A novel age-structured mosquito model for assessing the mechanisms behind vector control success
Davis EL., Hollingsworth TD., Keeling MJ.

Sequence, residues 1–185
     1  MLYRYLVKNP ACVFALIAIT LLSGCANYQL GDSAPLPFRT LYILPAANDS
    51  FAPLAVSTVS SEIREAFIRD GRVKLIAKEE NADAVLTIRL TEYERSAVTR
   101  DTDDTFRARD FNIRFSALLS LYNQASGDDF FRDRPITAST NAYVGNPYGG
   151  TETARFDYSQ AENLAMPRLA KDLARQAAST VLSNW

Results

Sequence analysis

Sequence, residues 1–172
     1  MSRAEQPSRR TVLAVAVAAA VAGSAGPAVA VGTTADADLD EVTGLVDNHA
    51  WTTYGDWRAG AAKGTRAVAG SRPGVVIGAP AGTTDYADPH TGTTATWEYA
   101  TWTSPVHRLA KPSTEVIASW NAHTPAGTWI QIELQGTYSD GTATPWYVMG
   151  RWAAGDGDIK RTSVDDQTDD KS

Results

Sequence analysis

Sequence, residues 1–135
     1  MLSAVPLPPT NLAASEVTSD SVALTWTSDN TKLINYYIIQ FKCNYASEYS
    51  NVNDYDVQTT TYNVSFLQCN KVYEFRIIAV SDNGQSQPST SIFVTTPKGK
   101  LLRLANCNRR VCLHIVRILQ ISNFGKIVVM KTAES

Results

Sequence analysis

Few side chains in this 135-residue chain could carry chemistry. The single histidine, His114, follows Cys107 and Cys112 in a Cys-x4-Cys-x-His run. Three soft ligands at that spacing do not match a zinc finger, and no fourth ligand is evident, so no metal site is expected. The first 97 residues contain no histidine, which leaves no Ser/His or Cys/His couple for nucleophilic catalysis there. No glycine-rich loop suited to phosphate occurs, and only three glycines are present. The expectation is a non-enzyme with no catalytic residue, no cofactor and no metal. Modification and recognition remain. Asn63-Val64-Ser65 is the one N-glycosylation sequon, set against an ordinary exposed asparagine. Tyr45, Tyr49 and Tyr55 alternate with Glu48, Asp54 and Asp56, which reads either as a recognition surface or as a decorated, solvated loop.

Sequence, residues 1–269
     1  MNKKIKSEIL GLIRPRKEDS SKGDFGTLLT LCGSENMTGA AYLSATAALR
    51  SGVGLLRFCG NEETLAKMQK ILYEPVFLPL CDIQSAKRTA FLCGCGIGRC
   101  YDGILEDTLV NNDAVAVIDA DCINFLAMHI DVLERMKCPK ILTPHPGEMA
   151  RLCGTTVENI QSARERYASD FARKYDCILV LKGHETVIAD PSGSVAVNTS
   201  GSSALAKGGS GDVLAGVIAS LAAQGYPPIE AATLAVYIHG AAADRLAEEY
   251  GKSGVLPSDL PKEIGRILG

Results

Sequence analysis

Abstract Background: Vector control is a vital tool utilised by malaria control and elimination programmes worldwide, and as such it is important that we can accurately quantify the expected public health impact of a range of vector control methods. There are very few previous models that consider vector control induced changes in the age-structure of the vector population and the resulting impact this will have on transmission.Methods: The steady-state solution of a novel age-structured deterministic compartmental model describing the mosquito gonotrophic cycle is analytically derived, with the age of each mosquito measured in the number of gonotrophic cycles (or successful blood meals) completed. From this model we derive analytical expressions for key transmission measures, such as the effective reproductive ratio under control, Rc, and investigate the impact of combinations of commonly used vector control methods on the age-structure of the vector population.Results: Our model output is an explicit solution that can be used to directly quantify key transmission statistics and investigate the age-structured impact of vector control. Application of this model confirms current knowledge thatadult-acting interventions, such as IRS or LLINs, can be highly effective at reducing transmission, due to the dual effects of repelling and killing mosquitoes. However, we demonstrate how larval measures can be implemented in addition to adult-acting measures to reduce Rc and mitigate the impact of waning insecticidal efficacy. We also find that mid-ranges of LLIN coverage see the largest effect of reduced net integrity on transmission.Conclusions: Whilst well-maintain adult-acting vector control measures are substantially more effective than larval-based interventions, incorporating larval control in existing LLIN or IRS programmes could substantially reduce transmission. This would most benefit areas with low coverage or poor maintenance of interventions.